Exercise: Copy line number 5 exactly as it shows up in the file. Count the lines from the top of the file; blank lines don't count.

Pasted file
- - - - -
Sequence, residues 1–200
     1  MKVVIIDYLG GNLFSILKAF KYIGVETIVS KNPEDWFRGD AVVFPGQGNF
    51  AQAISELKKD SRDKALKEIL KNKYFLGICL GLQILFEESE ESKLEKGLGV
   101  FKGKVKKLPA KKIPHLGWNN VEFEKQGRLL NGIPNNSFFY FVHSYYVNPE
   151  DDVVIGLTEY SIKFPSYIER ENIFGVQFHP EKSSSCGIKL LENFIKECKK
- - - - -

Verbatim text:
   151  DDVVIGLTEY SIKFPSYIER ENIFGVQFHP EKSSSCGIKL LENFIKECKK